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0113 Notes on Marco Polo : vol.1
Notes on Marco Polo : vol.1 / Page 113 (Grayscale High Resolution Image)

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doi: 10.20676/00000246
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73. BOGA   97

The name is only given by RAMUSIO; but in that passage, Z and R are strictly in agreement, except that Z has et multi sunt ibi instead of RAMUSIO's the si chiamano beyamini. Perhaps RAMUSIO «edited» a corrupt sentence which originally gave no name and was simply a counterpart of what we read in Z (? *uocati beiamini <_- multi sunt ibi). There are other idola libri in RAMUSIO, as for instance the king of Champa «nominato Accambale» (see «Ciamba »).


biagio R   blasius P; G   blaxius LT

biaxio VA

RAMUSIO, after «Sevasto» (= Sivas), adds dove it glorioso messer San Biagio pati it martirio. This has been omitted in B, RR, B1 (although the same sentence, prior to RAMUSIO, occurs in many versions), because BENEDETTO (B, cxiii) considers it an early interpolation. That may be true, but there are many genuine passages not to be found in F and I see no sufficient reason to reject the present one.

On the martyrdom, in 316, of S. Blasius, bishop of Sebaste (Sivas), and on his tomb at Sivas, cf. Y, I, 45. The church of S. Blasius at « Sebaste » is mentioned by Rubrouck, who could not visit it, quia erat sursum in castro (Wy, 327-328). Vincent de Beauvais (ed. MENTELLIN, 1473, XXXI, cxLII) speaks of the martyrdom of « Sanctus Basilius » at «Sauastia sine Sebasté ». Among the Slays, a god Volos or Veles is supposed to go back originally to Saint Blasius (cf. W. KOPPERS, Die Indogermanen- and Germanen-Frage [1936], 671).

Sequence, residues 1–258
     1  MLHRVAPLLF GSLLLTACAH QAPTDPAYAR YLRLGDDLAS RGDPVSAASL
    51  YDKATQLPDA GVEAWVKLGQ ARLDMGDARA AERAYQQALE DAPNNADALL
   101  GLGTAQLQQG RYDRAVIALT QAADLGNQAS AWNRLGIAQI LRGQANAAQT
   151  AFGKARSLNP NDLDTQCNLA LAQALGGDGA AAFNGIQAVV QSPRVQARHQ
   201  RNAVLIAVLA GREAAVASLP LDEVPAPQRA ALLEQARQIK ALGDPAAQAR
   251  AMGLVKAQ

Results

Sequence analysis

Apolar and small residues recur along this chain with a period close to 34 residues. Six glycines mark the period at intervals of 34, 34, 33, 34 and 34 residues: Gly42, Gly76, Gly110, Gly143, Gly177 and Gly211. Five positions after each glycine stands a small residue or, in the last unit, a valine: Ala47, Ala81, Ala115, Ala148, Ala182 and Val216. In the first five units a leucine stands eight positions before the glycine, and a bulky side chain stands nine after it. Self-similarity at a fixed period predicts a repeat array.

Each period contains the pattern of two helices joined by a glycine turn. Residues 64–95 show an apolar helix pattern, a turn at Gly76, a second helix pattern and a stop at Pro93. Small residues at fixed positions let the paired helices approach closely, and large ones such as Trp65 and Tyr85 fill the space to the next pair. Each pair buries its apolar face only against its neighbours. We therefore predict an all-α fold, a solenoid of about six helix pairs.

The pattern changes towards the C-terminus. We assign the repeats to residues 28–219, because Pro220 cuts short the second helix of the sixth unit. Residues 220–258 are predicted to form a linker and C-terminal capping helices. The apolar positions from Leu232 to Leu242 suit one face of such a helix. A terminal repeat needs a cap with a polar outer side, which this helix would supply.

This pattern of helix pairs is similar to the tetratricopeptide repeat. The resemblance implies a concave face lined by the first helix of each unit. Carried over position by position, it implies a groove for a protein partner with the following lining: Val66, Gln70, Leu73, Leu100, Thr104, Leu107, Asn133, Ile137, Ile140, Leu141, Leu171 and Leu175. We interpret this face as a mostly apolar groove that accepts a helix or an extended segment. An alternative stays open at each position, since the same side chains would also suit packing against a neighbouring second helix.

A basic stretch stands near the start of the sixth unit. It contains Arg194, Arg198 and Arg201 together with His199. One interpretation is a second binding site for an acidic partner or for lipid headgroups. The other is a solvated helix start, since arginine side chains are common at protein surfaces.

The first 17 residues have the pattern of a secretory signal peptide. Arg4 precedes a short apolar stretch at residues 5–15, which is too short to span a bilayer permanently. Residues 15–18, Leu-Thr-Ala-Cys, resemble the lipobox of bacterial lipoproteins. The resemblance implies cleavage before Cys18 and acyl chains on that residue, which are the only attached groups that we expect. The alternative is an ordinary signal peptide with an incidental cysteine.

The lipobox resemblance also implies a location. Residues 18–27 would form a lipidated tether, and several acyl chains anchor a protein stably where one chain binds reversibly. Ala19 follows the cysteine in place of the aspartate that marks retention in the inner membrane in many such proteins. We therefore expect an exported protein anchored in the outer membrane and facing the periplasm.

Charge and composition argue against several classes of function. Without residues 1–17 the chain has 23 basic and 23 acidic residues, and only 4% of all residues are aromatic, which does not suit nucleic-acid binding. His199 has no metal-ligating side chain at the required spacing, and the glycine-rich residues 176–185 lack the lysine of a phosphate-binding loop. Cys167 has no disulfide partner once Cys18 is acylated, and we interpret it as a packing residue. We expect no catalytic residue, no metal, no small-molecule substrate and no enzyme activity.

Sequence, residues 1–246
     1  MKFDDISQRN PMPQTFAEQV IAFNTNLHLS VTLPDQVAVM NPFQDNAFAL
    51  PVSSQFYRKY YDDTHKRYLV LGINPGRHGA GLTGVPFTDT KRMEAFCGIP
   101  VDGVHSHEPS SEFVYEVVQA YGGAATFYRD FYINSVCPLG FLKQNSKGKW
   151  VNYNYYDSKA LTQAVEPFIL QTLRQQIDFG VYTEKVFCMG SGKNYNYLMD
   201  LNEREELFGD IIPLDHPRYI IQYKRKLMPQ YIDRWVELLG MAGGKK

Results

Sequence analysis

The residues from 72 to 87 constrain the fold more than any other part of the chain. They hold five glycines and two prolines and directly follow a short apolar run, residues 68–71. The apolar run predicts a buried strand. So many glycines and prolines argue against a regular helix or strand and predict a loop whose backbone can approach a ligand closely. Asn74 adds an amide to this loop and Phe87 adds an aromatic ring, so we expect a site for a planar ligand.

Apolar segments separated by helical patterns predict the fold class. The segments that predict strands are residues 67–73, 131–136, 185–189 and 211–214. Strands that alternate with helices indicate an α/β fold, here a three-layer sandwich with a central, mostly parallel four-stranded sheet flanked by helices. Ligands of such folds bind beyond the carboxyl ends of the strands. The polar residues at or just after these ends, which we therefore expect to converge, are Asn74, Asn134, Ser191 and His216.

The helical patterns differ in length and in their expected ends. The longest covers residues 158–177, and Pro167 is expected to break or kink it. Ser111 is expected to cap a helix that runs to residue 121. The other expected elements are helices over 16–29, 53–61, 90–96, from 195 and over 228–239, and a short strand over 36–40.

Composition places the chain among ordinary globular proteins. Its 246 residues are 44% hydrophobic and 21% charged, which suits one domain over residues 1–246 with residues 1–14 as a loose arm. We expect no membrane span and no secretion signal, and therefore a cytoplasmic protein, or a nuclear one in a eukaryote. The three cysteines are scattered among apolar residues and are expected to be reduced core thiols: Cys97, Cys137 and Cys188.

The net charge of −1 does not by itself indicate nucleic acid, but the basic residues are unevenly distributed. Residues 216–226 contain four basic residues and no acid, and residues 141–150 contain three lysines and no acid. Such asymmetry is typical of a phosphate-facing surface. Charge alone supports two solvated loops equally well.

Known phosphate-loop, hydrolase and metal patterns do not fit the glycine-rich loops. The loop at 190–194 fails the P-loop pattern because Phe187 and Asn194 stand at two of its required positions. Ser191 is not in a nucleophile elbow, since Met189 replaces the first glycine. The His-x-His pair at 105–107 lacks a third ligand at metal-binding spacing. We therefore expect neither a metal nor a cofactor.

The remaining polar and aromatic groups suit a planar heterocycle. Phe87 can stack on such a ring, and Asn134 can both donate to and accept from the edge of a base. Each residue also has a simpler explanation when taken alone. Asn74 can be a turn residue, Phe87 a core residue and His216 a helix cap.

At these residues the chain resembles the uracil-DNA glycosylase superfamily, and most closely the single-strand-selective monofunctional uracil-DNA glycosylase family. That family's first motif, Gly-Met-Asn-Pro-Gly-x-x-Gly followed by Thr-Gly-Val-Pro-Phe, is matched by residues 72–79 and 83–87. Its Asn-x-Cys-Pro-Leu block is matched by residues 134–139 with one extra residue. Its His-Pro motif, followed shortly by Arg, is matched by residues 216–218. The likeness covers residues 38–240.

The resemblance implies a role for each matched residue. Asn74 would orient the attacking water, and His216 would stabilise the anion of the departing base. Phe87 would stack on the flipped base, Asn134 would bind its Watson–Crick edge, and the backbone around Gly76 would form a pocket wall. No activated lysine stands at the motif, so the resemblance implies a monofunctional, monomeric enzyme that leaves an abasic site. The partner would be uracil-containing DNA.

1. BOGA

bacha, dabaga (?) V   bagha TA 1, TA 3   boga F, Z, L

baga F, V (?)

«Boga» stands for Mong. Buqa, Buya; the word means «bull »; the pronunciation with -u-

is used elsewhere by Polo (see «Tolobuga »).   Buqa, a Jalair, was the most powerful official in
Persia at the end of Abaya's reign and during that of Aryun. Cf. Ha 1, II, 408; Ha' gives

occasionally «Bugha ». In such names, the usual Chinese transcription,   4. Pu-hua, can
represent Buqa as well as Buya; Rasidu-'d-Din generally writes 1.;9> Buqa (cf. Ber, I, 40). In the beginning of 1286, Buqa received from the Mongol Emperor of China the title of ch'êng-hsiang, « minister » (see «Cingsan »), and he appears as «Buga-éinksan» in Armenian texts (cf. Ha 1, I, 374; PATKANOV, Istoriya Mongolov, I, 52, 89-90).